I spent much way too much of the morning yesterday listening to the Sunday talk shoes where the primary topic of discussion concerned the role that government should play in regulating our lives. Gay marriage, sugared water, and guns were the focus, but at its heart the real concern was whether the state should guarantee liberty and freedom or public order. What all seemed to forget (or ignore) was that this is not a simple opposition that can or should be resolved easily or once and for all in one direction to the exclusion of the other. A world in which all are free to do whatever they want has a name (anarchy), as does a world in which there is total order and control (fascism) and neither is particularly salutary. Indeed, what makes liberal democracy such a difficult and precarious political institution is that it sits on a rather narrow precipice between the two, its success dependent on the necessity of maintaining equilibrium between liberty and order and predicated on some measure of public trust in the institutions that administer that balance. And therein lies the real problem, for at the current moment our political institutions suffer from a deficit of public trust.
The photograph above appeared randomly in one of the daily slideshows yesterday afternoon, and in its way it displays a simple model of how government regulations often work effectively in the background and how they rely upon public trust to manage the tension between liberty and order. Without stop lights our public thoroughfares would be both chaotic and a hazard to vehicles and pedestrians alike. The regulation of traffic through alternating signals to “stop” and “go” make it possible for all to use the roads equitably and in a manner that is both orderly and safe. Shut at dusk and in a snow storm tinged haze that otherwise makes visibility problematic, the alternating red and green lights mark the normal rhythm of the thoroughfare, designating zones of free movement and public safety. And as the image above indicates, the traffic seems to move pretty well.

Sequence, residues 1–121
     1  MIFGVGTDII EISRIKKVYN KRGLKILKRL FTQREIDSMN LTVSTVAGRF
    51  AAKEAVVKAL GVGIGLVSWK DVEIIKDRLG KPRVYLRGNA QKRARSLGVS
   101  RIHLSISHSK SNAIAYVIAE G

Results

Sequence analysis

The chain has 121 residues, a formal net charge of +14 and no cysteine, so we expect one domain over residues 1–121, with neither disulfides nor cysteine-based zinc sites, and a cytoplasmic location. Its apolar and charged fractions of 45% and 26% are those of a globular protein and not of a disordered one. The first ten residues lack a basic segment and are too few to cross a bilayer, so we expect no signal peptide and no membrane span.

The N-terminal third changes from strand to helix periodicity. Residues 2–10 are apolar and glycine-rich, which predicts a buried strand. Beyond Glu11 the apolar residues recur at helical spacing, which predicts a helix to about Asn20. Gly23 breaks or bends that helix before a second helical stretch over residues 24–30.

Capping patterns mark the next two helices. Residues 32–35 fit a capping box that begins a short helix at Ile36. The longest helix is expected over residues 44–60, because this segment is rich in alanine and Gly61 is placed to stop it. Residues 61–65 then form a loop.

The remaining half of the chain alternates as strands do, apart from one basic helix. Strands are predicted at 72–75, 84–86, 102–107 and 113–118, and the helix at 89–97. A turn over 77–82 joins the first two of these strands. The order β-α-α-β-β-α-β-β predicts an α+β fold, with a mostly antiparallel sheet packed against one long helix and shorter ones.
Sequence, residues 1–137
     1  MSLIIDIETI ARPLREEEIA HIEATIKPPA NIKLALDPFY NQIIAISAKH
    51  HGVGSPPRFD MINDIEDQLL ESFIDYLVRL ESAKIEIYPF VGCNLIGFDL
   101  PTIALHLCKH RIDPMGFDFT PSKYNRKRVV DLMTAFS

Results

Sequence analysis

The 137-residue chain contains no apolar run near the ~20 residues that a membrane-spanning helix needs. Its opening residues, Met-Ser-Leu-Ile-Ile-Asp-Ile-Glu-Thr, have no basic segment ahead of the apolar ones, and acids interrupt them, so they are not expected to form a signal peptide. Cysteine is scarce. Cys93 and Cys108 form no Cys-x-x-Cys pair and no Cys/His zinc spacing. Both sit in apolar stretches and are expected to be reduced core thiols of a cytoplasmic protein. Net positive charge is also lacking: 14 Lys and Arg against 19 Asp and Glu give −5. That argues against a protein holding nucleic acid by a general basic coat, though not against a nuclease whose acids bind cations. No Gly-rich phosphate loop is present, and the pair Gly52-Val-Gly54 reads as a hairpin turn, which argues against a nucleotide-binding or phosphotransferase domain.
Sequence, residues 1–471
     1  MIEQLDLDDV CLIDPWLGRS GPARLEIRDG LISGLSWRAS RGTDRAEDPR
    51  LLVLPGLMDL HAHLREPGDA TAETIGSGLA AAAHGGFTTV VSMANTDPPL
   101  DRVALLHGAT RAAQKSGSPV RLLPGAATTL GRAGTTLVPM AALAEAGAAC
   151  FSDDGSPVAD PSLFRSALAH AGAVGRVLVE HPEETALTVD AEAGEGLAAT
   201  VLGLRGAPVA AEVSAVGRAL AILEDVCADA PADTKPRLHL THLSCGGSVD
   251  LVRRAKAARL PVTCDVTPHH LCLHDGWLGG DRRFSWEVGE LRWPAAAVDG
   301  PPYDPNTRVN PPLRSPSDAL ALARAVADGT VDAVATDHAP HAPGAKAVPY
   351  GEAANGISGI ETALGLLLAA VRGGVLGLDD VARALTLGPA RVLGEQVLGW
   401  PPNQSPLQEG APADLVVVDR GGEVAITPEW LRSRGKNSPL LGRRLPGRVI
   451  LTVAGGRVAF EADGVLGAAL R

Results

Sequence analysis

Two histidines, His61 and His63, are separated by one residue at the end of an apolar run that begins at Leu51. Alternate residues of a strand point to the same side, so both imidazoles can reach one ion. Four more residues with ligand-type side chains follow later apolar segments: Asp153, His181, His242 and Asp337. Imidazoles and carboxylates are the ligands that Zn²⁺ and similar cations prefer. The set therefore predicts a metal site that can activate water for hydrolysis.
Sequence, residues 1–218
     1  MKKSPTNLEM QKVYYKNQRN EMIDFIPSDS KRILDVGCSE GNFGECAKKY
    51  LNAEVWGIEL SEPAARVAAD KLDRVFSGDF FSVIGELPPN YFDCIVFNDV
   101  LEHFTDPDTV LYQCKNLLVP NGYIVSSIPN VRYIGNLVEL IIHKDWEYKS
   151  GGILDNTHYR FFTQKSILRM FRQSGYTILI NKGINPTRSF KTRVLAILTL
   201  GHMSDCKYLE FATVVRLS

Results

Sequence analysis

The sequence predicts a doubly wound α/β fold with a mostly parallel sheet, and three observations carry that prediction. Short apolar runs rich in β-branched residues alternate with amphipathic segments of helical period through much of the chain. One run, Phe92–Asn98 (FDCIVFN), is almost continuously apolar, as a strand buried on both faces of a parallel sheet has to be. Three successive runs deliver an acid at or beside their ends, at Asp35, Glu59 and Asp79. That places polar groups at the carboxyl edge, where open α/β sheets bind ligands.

What makes the system work, of course, is the trust that one has in the system itself: a trust that the regulations maximize both the flow of traffic and the safety of all; a trust that the regulations recognize and address the competing interests of all in more or less equitable terms—or when equity is sacrificed that it is done for reasons that serve a compelling public interest; and perhaps most importantly, a trust that pedestrians and vehicles will both honor the regulations, yielding to the other as the rule of law dictates. Without such trust the regulations themselves will fail and the legitimacy of the system itself will be at risk. The potential problem is gestured to in the above photograph as we see pedestrians who appear to be crossing against the light and thus challenging the rule of law. There is no traffic in the foreground and so it would seem like they are safe and that, at least in this instance, they do not impede the public order. Perhaps they have good reasons for their transgression and we should certainly be willing to take that into account. That, after all, is what we have the courts for. Still, the presumption is against them, and their refusal to follow the rules is both a clear threat to the prevailing institutions of law and a reminder that we need someone to be responsible for making sure that the regulations are upheld in order to secure the public trust. Without both our streets would be neither free nor orderly.
The point to be made is that the problem of government regulation writ large, rather like the problem of regulating traffic, is never as simple as the relationship between stop and go. It also requires a profound trust in the rule of law that animates such regulation as well as those who work to manage and maintain the complex tension between liberty and order without sacrificing one to the other—or imagining that such a sacrifice could ever be in the best interests of the larger society.
Photo Credit: Charlie Riedel/AP